Cleveland bus rapid transit (copy)

Cleveland's bus rapid transit system is serving as a model for a Charleston mass transit line that will connect Summerville and the peninsula. Center for Neighborhood Technology/Wikimedia

The Oct. 8 Post and Courier article describing the planned bus rapid transit service between Summerville and downtown Charleston cited Cleveland’s Euclid Avenue system as a model.

I’m familiar with the Euclid Avenue system, having lived in the area when it was built. The Cleveland system appears to work well, but a direct comparison between the two is risky at best.

The Cleveland system is only about 6 miles long, moving from downtown through a densely populated residential and business area to a major cultural, medical and educational center. Driving between those two areas is problematic, considering traffic and parking.

The route between Summerville and Charleston is about 22 miles, and the planners themselves have advised that the travel time will be about the same as driving. (Actually it will be substantially more because riders will have to travel to and from stops on both ends of their journey.)

To me, this means that Summerville area residents would be unlikely to use it.

There may be more promising alternatives:

• End the bus line at Charleston Southern University. The school and the medical complex across from it are logical destinations.

• Establish express bus lanes on I-26 between Summerville and downtown, perhaps adding one or two stops in North Charleston, or adding a stop at I-26 and U.S. 78 for people headed into North Charleston. High-occupancy vehicle lanes might work, but my experience with them has been mixed. Buses must have the right of way, or they will be caught up in the daily congestion on the freeway with no time savings.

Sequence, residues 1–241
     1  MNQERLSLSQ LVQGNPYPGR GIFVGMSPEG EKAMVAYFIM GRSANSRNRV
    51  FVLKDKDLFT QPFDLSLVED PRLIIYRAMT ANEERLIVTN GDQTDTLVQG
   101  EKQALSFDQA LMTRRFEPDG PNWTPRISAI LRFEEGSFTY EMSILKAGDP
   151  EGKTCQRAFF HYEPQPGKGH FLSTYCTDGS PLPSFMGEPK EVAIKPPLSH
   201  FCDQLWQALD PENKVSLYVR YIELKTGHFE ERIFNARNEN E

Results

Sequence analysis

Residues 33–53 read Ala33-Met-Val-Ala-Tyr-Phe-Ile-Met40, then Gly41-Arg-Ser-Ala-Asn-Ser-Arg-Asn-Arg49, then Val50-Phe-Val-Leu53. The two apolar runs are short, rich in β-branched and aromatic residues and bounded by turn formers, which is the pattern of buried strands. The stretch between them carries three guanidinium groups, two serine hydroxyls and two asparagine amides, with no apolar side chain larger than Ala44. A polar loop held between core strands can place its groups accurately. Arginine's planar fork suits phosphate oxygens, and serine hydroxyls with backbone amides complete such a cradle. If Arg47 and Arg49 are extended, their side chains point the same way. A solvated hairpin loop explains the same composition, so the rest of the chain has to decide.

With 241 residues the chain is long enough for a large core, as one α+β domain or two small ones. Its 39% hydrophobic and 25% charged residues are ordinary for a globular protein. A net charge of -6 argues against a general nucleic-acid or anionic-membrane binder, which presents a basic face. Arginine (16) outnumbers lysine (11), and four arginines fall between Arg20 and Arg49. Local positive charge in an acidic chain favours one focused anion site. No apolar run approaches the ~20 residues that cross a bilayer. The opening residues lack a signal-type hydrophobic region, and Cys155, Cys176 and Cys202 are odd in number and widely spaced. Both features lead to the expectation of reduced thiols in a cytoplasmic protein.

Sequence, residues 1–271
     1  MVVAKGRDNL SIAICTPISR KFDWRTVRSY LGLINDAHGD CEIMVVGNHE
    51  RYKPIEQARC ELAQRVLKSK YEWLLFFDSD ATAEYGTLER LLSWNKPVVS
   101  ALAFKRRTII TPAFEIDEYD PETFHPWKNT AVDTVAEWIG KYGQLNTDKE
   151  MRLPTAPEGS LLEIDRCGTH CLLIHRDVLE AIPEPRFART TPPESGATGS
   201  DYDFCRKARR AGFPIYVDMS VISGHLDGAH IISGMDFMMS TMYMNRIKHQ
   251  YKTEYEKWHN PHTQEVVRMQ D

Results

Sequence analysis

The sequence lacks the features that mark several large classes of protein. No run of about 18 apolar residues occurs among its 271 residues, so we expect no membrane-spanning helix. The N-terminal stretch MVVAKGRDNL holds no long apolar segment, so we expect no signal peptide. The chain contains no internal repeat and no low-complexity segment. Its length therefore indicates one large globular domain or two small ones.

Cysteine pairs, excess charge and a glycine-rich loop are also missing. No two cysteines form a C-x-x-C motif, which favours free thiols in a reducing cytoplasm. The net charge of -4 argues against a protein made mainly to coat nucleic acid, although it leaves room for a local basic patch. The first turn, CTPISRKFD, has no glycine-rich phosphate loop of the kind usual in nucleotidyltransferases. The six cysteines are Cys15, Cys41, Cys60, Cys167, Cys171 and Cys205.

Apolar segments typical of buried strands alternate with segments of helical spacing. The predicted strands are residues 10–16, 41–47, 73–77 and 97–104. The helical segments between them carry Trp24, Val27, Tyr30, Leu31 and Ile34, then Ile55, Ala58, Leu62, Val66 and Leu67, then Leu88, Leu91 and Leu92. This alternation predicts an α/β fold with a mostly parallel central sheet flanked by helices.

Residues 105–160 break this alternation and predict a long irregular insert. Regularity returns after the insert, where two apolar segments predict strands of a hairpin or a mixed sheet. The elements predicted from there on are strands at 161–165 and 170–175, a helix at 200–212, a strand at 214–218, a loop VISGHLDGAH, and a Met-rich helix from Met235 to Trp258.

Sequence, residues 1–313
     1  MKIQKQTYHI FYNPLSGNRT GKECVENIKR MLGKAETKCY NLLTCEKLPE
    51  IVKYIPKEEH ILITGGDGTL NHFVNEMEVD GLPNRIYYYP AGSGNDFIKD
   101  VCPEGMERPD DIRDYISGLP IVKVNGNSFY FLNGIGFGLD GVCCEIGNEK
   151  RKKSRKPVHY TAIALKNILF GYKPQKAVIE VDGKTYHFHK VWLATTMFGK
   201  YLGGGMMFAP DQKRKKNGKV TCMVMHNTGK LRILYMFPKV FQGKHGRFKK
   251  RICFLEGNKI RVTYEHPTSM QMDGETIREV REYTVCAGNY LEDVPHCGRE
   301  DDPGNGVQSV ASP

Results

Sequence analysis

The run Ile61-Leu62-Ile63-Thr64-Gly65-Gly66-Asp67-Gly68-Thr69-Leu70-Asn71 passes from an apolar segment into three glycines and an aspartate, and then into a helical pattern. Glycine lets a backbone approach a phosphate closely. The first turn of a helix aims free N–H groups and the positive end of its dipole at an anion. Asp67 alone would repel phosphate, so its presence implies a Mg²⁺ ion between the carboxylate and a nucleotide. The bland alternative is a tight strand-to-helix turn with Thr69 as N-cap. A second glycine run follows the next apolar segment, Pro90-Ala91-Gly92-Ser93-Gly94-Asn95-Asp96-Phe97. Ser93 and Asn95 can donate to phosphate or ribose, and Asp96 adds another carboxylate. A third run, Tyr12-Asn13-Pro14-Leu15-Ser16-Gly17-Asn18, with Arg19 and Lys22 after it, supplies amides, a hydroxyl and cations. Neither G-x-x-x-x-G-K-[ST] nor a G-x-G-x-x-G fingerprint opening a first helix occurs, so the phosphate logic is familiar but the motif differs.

People will use public transit if it will get them where they want to go quicker and more reliably than driving. If it doesn’t do that, the investment will have been wasted.

FRITZ SAENGER JR.

Lettered Olive Lane

Mount Pleasant

Our better angels

To the white homeless guy who, unasked, helped unload boxes of canned goods at our church food pantry ...

To the black pantry client who finished a line of Gershwin’s “Summertime” that I’d begun singing and then laughed large and warmly with me ...

To the Latino man who looked up from his raking and smiled big when I yelled “Buenos dias” ...

To the teenage girl who taught me to hook my thumb when giving a “high five,” thus making it “hand hug” ...

Thank you all for reminding me of the better angels among us Americans.

WILL FELTS

Marsh Point Drive

Charleston

Kurds abandoned

Many in the national security community have had the honor to work with the Kurdish people. As an instructor at the Joint Special Operations University, I recently spoke with a courageous Kurdish woman who had been an interpreter for U.S. forces in Syria.

Lindsey Graham blasts Trump over Turkey invasion, calls it 'worse' than Vietnam